- b) activating a diagnostic indicator (such as a light-emitting diode (LED)) coupled to a particular battery or battery cell of the battery pack in response to a command from the master controller 102 in order to reduce the state of charge of the particular battery or battery cell.
- c) inhibiting a power-saving sleep mode of a monitor coupled to a particular battery or battery cell of the battery pack in response to a command from the master controller 102 in order to reduce the state of charge of the particular battery or battery cell.
- d) increasing the power consumption used by the monitor—master controller communication system (as by causing the transmission or receipt of otherwise unnecessary messages) at a monitor coupled to a particular battery or battery cell of the battery pack in response to a command from the master controller 102 in order to reduce the state of charge of the particular battery or battery cell.
BRIEF DESCRIPTION OF THE DRAWINGS
A method and system for managing a plurality of batteries and useable by way of example with a partially or completely electrically powered vehicle (EV) includes a plurality of monitor modules each coupled to at least one of the plurality of batteries and configured to monitor the voltage and temperature thereof, a master controller, and a non-conductive fiber optic network coupling the plurality of monitor modules to one another and to the master controller. The master controller conmmands the transmission of battery voltage and temperature information from the plurality of monitor modules over the network, receives battery voltage and temperature information from the monitor modules over the network, and perform calculations based on the received information to determine if any of the plurality of batteries require balancing measures, and based thereon, commands the corresponding monitor modules to implement balancing measures over the network.
The accompanying drawings, which are incorporated into and constitute a part of this specification, illustrate one or more examples of embodiments and, together with the description of example embodiments, serve to explain the principles and implementations of the embodiments.
In the drawings:
FIG. 1 is a schematic block diagram of a first battery monitoring system.
FIG. 2 is a schematic block diagram of a second battery monitoring system.
FIG. 3 is a schematic block diagram of a third battery monitoring system.
FIG. 4 is a block diagram illustrating a communication paths among components of the third battery monitoring system of FIG. 3.
FIG. 5 is a table illustrating the content of a communications data stream at a number of points along the communication path of FIG. 4.
FIG. 6 is a schematic block diagram of a monitor module used with the third battery monitoring system of FIG. 3.
DESCRIPTION OF THE EXAMPLE EMBODIMENTS
FIG. 7 is a schematic block diagram of a master controller used with the third battery monitoring system of FIG. 3.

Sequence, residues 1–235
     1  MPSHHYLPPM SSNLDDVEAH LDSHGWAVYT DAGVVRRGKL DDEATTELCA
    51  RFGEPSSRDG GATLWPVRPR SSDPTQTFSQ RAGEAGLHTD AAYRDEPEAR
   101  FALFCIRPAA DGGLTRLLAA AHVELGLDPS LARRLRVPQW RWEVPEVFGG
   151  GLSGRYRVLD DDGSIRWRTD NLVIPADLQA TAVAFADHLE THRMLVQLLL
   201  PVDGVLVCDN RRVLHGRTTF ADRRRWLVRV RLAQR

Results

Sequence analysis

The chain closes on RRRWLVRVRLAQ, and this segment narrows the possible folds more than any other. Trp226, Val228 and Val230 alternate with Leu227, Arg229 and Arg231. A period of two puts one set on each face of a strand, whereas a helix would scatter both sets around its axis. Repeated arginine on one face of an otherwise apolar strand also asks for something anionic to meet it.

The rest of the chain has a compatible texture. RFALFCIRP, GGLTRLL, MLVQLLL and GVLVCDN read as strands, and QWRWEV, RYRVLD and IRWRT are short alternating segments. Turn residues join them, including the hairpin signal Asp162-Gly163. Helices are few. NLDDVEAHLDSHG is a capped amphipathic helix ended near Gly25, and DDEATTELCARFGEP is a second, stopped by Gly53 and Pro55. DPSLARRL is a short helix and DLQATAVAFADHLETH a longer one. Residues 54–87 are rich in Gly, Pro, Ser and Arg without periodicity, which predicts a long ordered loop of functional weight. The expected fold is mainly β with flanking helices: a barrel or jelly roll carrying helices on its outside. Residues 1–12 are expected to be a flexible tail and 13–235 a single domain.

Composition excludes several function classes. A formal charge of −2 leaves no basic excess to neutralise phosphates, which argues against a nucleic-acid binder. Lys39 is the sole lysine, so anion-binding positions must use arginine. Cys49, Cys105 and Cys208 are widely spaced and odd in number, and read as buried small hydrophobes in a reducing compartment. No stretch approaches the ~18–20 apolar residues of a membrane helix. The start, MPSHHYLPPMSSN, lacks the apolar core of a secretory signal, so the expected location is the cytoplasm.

Example embodiments are described herein in the context of an electric vehicle. Those of ordinary skill in the art will realize that the following description is illustrative only and is not intended to be in any way limiting. Other embodiments will readily suggest themselves to such skilled persons having the benefit of this disclosure, for example, the invention may be used with hybrid powered vehicles, other systems, both vehicular and stationary, employing large battery banks, and the like. Reference will now be made in detail to implementations of the example embodiments as illustrated in the accompanying drawings. The same reference indicators will be used to the extent possible throughout the drawings and the following description to refer to the same or like items.
In the interest of clarity, not all of the routine features of the implementations described herein are shown and described. It will, of course, be appreciated that in the development of any such actual implementation, numerous implementation-specific decisions must be made in order to achieve the developer's specific goals, such as compliance with application- and business-related constraints, and that these specific goals will vary from one implementation to another and from one developer to another. Moreover, it will be appreciated that such a development effort might be complex and time-consuming, but would nevertheless be a routine undertaking of engineering for those of ordinary skill in the art having the benefit of this disclosure.
A system and method for battery management in an electric vehicle is presented at FIG. 3 which overcomes the problems noted above. Rapid and accurate measurement of cell temperatures and voltage, centralized reporting and balancing control is provided.
In accordance with the system 300 of FIG. 3, a master controller 302 and a plurality of battery monitor modules 304(1), 304(2), . . . , 304 (N) (collectively 304) are coupled together via optical fiber network 306 to form a ring architecture. The master controller may issue a command which propagates around the optical fiber ring 306 with modification, which allows enumeration by the individual monitor modules 304 and a measure of round trip transit time for signals propagated around the ring. The routing of the optical fiber ring allows positional information to be derived from the sequential enumeration. Any suitable form of optical fiber may be employed as would be known to those of ordinary skill in the art. These include low loss coated glass fiber, rayon and other plastic fibers, by way of example.